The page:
So, again, we’ll put the Holy Spirit on hold for just a moment. Come on over to I Corinthians. This is one of my favorite texts. I have to use it because nobody else does, and I can’t figure out why. Can you? Why don’t preachers and teachers use it? I still haven’t figured it out. I had a good article sent to me yesterday, again. First thing—I go right on down through it. They’ve got everything but I Corinthians 15:1-4. And he was a good man. The rest of his article was A-okay. But it’s like somebody just blocks this off. I’m going to keep hammering away because of the language—verse 1.
I Corinthians 15:1a
“Moreover, brethren, (He’s writing to Gentile believers at Corinth.) I declare unto you the gospel which I preached unto you,…” The one and only Gospel. Yes, it’s exclusivistic. God is particular.
In fact, I was just sharing with someone. I don’t remember if it was person to person with someone or on the phone. If God were to let someone into His Heaven by compromising any part of this gospel, could He shut the door and say, “Well, that’s all?” My, once you get a door open, can you ever close it? No, so He can’t let one slip in except by His own divine requirements, and here it is. This is it! And why is this so hard for people to swallow? Basically it’s what they agree to, but they always try to add a lot of garbage to it. But this is it in its simplicity.
I Corinthians 15:1
“Moreover brethren I declare unto you the gospel which I preached unto you, (Now you want to remember, Corinth was a pagan, ungodly, wicked Gentile city, and Paul says–) which also ye have received, (They believed it.) and wherein ye stand;” That is positionally in their faith and their relationship with God. Now verse 2:
I Corinthians 15:2
“By which also ye are (What?) saved, (Now, is that so hard to understand? What does the gospel do? It saves people.) if ye keep in memory what I preached unto you, unless ye have believed in vain.” Now somebody just asked me this afternoon—what does that mean? Well, you’ve got to believe the right stuff. You have to believe what this apostle is laying out in front of us, and here it comes. This is what we are to believe. And most people are not even hearing it anymore. Verse 3, this is Paul’s gospel.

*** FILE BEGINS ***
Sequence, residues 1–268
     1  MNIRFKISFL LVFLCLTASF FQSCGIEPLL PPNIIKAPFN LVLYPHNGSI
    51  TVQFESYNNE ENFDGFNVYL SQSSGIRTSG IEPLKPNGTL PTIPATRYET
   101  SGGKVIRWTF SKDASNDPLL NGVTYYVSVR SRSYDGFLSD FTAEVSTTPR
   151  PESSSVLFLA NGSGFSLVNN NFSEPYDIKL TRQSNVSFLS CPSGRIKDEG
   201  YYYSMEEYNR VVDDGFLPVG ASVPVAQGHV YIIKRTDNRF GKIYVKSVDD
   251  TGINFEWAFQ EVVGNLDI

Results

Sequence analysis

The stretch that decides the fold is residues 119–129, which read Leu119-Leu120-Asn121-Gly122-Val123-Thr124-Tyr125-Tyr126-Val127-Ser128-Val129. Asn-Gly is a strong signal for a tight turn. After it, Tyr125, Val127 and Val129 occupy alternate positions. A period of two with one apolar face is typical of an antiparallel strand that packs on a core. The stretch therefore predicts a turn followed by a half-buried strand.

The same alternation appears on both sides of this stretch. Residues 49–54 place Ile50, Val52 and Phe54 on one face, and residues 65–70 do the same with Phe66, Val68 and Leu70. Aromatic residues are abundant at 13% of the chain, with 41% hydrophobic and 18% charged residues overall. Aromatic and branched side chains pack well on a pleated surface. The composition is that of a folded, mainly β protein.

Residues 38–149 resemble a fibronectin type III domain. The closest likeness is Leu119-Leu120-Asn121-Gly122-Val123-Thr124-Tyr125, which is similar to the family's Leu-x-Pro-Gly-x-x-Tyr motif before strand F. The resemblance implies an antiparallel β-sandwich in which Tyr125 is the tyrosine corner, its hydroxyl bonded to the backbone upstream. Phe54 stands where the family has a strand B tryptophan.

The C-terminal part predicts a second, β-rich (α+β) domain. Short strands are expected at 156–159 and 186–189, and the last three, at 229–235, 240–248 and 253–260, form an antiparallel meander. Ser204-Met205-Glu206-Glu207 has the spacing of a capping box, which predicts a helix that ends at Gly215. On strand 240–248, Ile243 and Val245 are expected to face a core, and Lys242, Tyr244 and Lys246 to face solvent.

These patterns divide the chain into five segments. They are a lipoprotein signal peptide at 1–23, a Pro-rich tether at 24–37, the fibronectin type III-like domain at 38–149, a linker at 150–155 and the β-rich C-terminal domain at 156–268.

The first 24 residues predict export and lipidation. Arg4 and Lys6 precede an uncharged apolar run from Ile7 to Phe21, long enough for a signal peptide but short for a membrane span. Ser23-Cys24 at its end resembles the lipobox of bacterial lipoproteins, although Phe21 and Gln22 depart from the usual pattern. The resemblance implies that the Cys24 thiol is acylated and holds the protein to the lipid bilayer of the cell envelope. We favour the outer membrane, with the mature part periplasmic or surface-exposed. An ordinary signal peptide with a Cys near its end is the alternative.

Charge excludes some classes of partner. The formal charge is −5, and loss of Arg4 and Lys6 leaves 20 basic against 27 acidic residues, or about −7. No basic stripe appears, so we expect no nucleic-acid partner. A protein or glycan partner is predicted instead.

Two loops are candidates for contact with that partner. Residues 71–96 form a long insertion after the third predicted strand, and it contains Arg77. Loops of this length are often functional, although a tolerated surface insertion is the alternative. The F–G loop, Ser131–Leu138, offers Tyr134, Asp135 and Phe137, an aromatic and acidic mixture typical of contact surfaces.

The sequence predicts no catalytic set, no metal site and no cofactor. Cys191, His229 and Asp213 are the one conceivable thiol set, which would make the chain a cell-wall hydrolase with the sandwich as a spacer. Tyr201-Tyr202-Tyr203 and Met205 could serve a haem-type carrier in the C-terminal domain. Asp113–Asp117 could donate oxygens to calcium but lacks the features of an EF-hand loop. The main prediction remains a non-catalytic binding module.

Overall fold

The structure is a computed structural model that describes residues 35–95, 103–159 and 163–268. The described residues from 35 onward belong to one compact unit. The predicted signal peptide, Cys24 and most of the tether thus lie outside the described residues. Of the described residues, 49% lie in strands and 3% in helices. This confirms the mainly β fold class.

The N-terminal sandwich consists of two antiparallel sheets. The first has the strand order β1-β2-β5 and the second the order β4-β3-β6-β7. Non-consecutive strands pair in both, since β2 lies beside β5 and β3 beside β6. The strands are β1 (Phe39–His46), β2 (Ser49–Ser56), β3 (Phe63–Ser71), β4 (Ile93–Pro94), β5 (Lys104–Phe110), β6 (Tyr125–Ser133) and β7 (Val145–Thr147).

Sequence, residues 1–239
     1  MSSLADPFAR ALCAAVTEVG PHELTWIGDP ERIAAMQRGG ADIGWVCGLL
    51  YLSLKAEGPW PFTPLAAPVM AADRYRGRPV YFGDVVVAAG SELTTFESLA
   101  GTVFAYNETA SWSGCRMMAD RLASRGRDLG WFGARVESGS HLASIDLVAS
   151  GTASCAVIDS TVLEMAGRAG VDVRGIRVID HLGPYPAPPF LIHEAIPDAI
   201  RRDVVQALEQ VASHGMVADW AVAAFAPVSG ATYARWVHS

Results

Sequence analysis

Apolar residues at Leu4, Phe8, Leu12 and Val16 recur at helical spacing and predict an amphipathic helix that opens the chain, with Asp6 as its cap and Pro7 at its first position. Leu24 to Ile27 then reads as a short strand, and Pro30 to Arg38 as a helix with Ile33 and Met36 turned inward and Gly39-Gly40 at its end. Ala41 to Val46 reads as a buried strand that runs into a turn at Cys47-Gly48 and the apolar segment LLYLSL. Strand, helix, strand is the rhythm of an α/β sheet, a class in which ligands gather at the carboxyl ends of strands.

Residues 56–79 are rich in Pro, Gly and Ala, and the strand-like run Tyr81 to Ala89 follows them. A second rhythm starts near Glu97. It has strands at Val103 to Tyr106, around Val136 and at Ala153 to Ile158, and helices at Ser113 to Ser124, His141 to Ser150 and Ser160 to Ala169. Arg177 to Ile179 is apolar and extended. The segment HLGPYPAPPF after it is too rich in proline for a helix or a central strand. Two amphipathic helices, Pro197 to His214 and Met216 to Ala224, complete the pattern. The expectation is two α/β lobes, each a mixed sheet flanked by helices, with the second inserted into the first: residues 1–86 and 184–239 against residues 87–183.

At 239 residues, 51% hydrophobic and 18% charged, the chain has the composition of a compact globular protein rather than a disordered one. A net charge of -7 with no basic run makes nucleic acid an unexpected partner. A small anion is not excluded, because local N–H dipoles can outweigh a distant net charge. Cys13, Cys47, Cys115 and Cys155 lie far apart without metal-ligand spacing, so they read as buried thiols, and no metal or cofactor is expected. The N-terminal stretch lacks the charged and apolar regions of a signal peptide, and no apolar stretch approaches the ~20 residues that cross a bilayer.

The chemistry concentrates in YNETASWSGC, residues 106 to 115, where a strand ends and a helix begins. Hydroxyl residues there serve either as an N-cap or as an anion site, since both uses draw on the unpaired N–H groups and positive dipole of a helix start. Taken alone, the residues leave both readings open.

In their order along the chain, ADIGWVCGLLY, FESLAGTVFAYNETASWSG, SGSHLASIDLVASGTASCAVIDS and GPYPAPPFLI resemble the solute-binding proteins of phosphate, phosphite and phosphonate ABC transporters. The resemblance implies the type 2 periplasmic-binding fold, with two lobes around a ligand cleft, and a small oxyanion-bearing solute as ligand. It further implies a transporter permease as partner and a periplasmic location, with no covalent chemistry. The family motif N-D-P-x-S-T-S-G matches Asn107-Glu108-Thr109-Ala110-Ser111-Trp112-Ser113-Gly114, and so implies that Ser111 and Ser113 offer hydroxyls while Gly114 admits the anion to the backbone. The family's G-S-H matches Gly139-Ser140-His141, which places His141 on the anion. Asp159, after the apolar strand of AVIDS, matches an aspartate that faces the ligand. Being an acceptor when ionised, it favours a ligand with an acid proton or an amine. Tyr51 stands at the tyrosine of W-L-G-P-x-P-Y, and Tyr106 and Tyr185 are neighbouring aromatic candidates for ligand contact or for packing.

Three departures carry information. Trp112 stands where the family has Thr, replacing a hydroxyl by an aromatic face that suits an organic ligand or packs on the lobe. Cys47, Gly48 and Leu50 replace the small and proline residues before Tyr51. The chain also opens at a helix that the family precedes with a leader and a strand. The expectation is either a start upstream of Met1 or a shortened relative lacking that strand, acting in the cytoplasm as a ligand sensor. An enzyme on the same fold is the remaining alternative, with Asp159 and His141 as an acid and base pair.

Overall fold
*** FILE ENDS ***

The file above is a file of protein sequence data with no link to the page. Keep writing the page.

I Corinthians 15:3a
“For I delivered unto you (Corinthians, you Gentiles, you pagans, you and me) first of all that which I also received,…” Now you are to go to Galatians chapter 1. Where did Paul receive this gospel? From the ascended Lord who revealed it to him and instructed him not to take it back to Israel, but to take it to the Gentile world. And all of Paul’s doctrines flow from this gospel. All right, read on.
I Corinthians 15:3-4
“For I delivered unto you first of all that which I also received, how that Christ died for our sins (Well, what have I been stressing these last four, five, seven programs? The incarnate Christ and His finished work of the cross. That’s Paul’s gospel—that this Jesus of Nazareth, the Son of God, the creator of everything died for our sins.) according to the scriptures; 4. And that he was buried, (we know three days and three nights) and that he rose again the third day according to the scriptures:” That’s Paul’s gospel by which we are saved.
Now, why is that so controversial? But, oh, they don’t want to hear it!! I hear it day in and day out, letter after letter, phone call after phone call. They don’t want hear it. But we do know that the god of this world blinds people.
All right, now Acts 15:28 and this is just after he had been meeting with Peter, James, and John up there in Jerusalem; because of the Judaizers that were coming behind the apostle and telling his Gentile converts that they couldn’t be saved by Paul’s gospel alone. Just like you’re hearing today, as people are always wanting to add to it. But God will have none of it.
The Judaizers were telling Paul’s converts that they had to embrace Judaism, circumcision, keeping the commandments, and all that. Paul and Barnabas finally make their point. And of course the Spirit of God enlightened Peter and James and John to recognize that, yes, Paul has a ministry all his own to the Gentile world with a whole new program, the Gospel of the Grace of God. All right, so in verse 28 Peter is now rehearsing it to his own church people in Jerusalem.
“For it seemed good to the Holy Spirit, and to us, to lay upon you no greater burden than these necessary things; 29. That ye abstain from meats offered to idols,…” And so forth. But the word I want you to see is up there in verse 28. That it was the Holy Spirit’s leading to send this decree back to Paul’s Gentile congregations.
All right, let’s move to the next one in chapter 16 verses 6 and 7. Now, we’re moving along through Paul’s journeys, remember. We’re just simply looking where the Holy Spirit comes to the surface all the time. He’s the power from on high as well as that third person of the Godhead, but it’s up to you and me to determine from the text what it is talking about. Is it the power from on high that indwells us, that is within us, or are we dealing with the giver, the person?
Okay, now in chapter 16 Paul is on, I think, his second missionary journey, already. They’re approaching the Aegean Sea from the east, their western Turkey. They had intended to turn and head back east, back to Asia, but the Holy Spirit now makes His appearance. Verse 6:
“Now when they had gone throughout Phrygia and the region of Galatia, (which is up there in central Turkey) and were forbidden of the Holy Spirit to preach the word in Asia.” Person or the gift? The Holy Spirit the person reveals himself now to the apostle and says, no, I don’t want you to go back to Asia. So the Holy Spirit forbids him to preach the word in Asia.
After they were come to Mysia, they assayed to go into Bithynia: (again going back east along the northern part of Turkey) but the Spirit (the Holy Spirit, the person) suffered (permitted) them not.” We have to understand here that this is the very great difference again between the giver and the gifts. But you can do this on your own as you go on through the New Testament. You just constantly see this reference to the Holy Spirit, always the Pneuma Hagion. But is it the gift, or is it the giver?